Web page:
In the meantime, I won’t be putting much money on players who will be challenging Woods. I have a sneaking suspicion his winning days are far from over, that is, of course, if he stays healthy.
Dick Nicoson hasn’t been acting his age. He recently shot a 74 at Lost Creek Golf Course that included nine-hole rounds of 36 and 38. Not bad for an 81-year-old when you consider he defeated his age by seven strokes.
Dick’s son, Randy, is a solid player as well. For the past several years he has worked on the grounds crew at Hulman Links.
Randy’s son, Zach, was an outstanding player for Terre Haute North before he entered Rose Hulman, where he graduated five years ago. Zach spent two seasons as a member of the Rose golf team. No doubt that three generations of the Nicosons have made their respective marks on Terre Haute’s golfing history.
More names of the exclusive club of Pickers and Choosers have been selected. They include: Whalen, Penman, Bach, James, Amies, Olah, Shouse, Kruzan, Bocard, Reynolds, Rohr, and Nevins with more to follow.
But hold everything! A serious charge has been lodged against one member of PCAI. That stands for Pickers and Choosers of America, Inc. More concerning this tragic situation next time.
The following are upcoming scheduled events for Rea Park and Hulman Links:
June 14-15 — Ladies Ringer; June 19 — Junior Classic; June 21 — Men’ s Senior Baseball Outing; June 22 — Marine Corps Outing; June 26 — Junior Scramble; June 27 — FSA Outing.
June 6 — Student Life Outing (p.m.); June 7 — State Am Qualifier (a.m.); June 8 — His and Hers, TBA; June 9 — Aerate Greens (closed); June 13-14 — Teamsters’ Outing 7 a.m. and 1 p.m.; June 19 — State Laborers 8 a.m. and 1 p.m.; June 21-22 — Club Championship, 8 a.m.; June 26 — Mayor’ s Outing TBA; June 27 — Kirby Risk 12:30 P.M.; June 28 — Time-Warner Cable 2 Man (a.m.); June 29 Match Play Championships (a.m.).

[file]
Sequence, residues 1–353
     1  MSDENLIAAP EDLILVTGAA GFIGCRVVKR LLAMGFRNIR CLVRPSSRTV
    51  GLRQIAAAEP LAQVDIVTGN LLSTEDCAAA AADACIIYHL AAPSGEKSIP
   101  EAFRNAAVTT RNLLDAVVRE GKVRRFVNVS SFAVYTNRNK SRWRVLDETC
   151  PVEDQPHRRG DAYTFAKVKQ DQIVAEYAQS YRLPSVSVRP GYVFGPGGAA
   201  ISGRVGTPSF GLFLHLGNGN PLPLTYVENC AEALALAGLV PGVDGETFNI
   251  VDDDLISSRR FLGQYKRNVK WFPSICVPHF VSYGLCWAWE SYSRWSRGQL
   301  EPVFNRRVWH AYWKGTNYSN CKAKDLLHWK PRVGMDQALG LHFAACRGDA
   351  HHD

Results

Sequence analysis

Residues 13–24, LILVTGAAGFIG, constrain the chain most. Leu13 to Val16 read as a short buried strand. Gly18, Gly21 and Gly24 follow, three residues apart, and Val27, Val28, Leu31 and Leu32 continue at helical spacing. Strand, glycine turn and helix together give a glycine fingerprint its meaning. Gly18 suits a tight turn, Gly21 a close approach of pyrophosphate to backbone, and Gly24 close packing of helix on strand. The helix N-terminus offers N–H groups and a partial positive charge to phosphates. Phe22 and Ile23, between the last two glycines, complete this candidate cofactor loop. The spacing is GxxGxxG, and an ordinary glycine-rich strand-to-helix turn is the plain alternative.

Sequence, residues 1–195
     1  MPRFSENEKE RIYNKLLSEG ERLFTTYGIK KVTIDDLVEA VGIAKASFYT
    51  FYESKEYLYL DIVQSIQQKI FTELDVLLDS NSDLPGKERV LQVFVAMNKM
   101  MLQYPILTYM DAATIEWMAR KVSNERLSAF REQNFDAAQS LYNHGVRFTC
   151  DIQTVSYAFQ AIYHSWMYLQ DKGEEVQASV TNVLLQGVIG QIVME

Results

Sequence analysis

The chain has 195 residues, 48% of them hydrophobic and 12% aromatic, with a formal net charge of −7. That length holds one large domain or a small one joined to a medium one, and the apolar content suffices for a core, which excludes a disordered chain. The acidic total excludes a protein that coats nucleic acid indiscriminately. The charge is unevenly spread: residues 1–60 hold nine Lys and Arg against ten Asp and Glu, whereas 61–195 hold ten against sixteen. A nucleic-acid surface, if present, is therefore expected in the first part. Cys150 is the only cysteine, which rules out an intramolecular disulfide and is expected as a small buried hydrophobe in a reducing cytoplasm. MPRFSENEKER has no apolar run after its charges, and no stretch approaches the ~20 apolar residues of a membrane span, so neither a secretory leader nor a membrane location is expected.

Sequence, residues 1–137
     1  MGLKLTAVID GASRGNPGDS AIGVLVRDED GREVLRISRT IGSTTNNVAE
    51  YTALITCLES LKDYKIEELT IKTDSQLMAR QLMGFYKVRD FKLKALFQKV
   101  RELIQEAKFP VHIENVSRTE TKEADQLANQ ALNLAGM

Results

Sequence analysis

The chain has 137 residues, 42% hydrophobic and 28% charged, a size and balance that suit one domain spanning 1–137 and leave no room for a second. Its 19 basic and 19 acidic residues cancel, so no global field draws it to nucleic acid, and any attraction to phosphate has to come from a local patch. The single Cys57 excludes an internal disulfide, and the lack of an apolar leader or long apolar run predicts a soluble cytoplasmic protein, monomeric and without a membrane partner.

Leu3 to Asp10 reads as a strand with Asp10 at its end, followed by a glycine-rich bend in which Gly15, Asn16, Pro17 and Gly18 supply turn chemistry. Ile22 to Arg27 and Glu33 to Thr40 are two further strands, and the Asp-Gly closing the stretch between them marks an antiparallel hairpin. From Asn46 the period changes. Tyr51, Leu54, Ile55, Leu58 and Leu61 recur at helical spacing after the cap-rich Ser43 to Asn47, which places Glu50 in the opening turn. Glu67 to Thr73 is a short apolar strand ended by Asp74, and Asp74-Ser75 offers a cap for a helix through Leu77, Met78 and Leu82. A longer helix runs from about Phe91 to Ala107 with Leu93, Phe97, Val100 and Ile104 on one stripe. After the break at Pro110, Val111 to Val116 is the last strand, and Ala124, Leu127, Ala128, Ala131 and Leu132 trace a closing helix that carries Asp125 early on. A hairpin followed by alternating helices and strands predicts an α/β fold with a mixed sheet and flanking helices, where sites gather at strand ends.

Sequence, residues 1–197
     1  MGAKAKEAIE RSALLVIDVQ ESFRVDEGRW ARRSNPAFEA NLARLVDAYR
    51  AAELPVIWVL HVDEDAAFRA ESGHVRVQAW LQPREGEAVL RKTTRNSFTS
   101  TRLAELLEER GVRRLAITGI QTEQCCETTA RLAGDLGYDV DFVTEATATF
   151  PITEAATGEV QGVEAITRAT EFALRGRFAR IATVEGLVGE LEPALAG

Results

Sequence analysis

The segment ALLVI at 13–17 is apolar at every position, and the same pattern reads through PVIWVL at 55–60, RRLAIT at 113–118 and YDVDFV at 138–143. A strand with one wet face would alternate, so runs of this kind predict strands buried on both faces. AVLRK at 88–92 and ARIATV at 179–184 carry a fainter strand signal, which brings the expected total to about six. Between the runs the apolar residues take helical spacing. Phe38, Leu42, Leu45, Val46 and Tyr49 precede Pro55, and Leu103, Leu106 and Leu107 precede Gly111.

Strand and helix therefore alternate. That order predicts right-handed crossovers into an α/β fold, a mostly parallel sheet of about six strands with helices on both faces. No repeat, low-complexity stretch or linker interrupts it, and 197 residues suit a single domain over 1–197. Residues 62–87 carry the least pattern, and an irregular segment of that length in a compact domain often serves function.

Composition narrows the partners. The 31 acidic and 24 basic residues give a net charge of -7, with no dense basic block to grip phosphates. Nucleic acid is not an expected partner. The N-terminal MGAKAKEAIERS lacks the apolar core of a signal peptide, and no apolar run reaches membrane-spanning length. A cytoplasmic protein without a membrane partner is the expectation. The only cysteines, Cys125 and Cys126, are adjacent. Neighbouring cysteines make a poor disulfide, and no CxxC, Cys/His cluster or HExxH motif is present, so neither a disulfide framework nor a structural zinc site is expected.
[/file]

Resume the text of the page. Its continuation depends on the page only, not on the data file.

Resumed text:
• Tip of the week — Many golfers do themselves an injustice by not arriving as the course in time to warm up properly.
You should start with a few short irons followed by several middle irons. After a handful of hybrid or rescue clubs, a dozen drives would be in order.
At least 10 or 15 minutes is warranted on the putting green with most of that time spent stroking putts of three to six feet.
A good warm up regimen can save some strokes on those opening holes. You want to be ready to put your best swing on that first tee shot.
We all know that in golf, each day is different. A past master such as Cary Middlecoff always proclaimed he went to the practice tee before a round to see what his tendency might be that day, and then to adjust his strategy accordingly. Cary did very well with his philosophy.
Keep your head down and your shoestrings tied. We’ ll be back.
Bob Arnett can be reached by e-mail at firstname.lastname@example.org or by mail at the Tribune-Star, P.O. Box 149, Terre Haute, IN, 47808.